If you’ve ever visited an acai berry themed website, you’ve likely come across one method of promotion which seems to be synonymous with a lot of these sites: fake news sites. The website is masked to look like a legitimate news site (with the implication that the site is unbiased and trustworthy) with the focal point being a video showing a supposedly local news segment in which the news anchor talks about the supposed health benefits of acai berry in this case.
They talk in a very objective manner about acai berry’s ability to help you lose weight extremely quickly and boast of its other health benefits. Logos of prominent news sites/channels like CNN are displayed around the page, as well. The website which you are on claims that their site has been mentioned or “as seen on” these impressive sites.
Fake News Sites
What they don’t tell you is that the only reason which their site was displayed on CNN was because they paid to have their banner displayed on CNN’s website as advertising.
These sites are built on deceptiveness and these supposedly legitimate looking sites are meant to establish trust and ethos. All in all, this is a black hat method of marketing, meaning that it’s generally frowned upon or construed as being dishonest or even illegal.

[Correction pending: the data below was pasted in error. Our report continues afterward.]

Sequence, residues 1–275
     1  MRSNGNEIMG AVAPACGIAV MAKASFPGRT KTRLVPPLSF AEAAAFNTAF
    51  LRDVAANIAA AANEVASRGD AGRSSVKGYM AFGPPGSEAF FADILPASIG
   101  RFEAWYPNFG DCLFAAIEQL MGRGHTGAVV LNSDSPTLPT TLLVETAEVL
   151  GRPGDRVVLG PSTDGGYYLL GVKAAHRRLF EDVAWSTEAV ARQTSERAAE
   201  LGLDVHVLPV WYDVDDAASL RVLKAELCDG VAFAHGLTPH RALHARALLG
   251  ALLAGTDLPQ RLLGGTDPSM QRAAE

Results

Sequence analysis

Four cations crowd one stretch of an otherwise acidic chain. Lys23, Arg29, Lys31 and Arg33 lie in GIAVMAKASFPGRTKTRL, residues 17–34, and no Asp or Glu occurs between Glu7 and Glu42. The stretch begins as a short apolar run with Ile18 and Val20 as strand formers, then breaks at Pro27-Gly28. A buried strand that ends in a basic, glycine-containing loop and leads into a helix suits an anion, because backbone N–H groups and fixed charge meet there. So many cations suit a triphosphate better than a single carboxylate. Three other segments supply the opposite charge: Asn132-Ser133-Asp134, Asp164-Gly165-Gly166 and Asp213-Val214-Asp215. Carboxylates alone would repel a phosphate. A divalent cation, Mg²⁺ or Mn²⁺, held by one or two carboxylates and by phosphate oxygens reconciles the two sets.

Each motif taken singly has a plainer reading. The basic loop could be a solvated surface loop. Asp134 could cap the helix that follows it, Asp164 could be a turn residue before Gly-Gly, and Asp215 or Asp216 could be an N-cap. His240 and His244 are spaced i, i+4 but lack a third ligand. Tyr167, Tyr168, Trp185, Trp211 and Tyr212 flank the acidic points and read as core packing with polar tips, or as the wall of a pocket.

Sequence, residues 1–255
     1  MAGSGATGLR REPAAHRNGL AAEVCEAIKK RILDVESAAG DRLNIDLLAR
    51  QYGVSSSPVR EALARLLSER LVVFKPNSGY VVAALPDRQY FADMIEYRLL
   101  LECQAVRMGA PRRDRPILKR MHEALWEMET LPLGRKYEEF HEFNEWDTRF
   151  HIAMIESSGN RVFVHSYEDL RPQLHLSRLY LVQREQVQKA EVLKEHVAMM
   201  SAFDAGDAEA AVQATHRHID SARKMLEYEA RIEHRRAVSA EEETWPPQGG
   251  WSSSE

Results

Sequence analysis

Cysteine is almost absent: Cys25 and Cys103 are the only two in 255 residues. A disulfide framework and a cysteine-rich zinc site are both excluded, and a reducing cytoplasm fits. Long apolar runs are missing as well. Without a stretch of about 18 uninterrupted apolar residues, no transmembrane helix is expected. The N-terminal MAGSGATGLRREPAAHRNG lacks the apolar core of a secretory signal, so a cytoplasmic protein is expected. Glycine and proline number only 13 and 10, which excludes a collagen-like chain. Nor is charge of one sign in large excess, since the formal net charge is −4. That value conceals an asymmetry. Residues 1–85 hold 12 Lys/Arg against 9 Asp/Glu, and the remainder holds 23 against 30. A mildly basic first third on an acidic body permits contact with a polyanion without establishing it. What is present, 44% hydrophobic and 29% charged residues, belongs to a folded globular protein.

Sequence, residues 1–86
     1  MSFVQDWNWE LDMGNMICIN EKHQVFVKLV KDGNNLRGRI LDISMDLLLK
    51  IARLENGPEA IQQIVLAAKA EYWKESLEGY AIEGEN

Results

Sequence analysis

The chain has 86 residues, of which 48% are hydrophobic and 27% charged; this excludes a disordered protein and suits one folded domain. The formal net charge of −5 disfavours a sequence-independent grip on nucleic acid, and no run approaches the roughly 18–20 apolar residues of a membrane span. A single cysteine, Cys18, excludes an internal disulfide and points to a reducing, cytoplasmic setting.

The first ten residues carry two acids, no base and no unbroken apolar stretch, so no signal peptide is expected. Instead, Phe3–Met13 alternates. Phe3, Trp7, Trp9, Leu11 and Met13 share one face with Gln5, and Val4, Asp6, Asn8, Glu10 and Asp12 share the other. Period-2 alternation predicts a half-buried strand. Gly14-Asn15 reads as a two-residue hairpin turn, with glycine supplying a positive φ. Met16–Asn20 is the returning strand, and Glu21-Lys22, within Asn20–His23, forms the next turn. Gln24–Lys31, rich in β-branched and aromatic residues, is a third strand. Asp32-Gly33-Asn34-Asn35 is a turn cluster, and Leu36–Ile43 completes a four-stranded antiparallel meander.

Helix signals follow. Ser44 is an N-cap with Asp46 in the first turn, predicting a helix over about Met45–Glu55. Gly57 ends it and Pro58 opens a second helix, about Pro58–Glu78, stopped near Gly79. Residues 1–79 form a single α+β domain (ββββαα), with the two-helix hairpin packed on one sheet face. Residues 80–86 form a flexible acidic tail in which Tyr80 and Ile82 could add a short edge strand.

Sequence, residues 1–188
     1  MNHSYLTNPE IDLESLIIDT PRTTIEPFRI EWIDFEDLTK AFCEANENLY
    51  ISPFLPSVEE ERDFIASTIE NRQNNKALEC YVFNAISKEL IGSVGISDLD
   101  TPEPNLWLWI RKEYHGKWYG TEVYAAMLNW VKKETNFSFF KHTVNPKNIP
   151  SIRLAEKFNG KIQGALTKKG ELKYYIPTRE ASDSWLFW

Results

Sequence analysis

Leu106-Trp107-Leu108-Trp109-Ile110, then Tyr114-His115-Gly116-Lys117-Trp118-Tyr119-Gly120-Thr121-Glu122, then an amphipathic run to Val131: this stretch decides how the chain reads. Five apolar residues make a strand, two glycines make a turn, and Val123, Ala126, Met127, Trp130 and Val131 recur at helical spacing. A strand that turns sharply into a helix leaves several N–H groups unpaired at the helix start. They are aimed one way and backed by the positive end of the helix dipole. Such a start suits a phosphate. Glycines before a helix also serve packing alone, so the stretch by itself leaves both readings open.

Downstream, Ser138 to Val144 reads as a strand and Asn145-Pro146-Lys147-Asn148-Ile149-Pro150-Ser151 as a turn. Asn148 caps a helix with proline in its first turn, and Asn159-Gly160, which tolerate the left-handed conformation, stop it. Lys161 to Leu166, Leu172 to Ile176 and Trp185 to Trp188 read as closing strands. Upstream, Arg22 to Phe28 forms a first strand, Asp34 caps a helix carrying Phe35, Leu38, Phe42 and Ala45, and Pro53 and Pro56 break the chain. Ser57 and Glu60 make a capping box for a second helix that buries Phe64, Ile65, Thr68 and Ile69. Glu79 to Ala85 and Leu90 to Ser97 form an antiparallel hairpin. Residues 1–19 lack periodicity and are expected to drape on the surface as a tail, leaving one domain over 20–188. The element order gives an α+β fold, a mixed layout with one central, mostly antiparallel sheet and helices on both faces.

In fact, a recent FTC ruling has BANNED the use of fake news sites promoting acai berry related products. It’s interesting that they mention acai berry in particular in the ruling but this is a testament to how many of these sites are using this method. Enough people finally complained to get the FTC to take action, so it’s pretty serious. Even doing some keyword research ties fake news sites and phrases of the like almost exclusively to acai berry keywords.
I’m not sure how quickly we’ll see these fake news sites dry up and disappear as they look for another way to sell their superfood products, and I’m not sure how the FTC will be enforcing this; but it is something to consider if you plan on or are currently using this as part of your overall marketing strategy.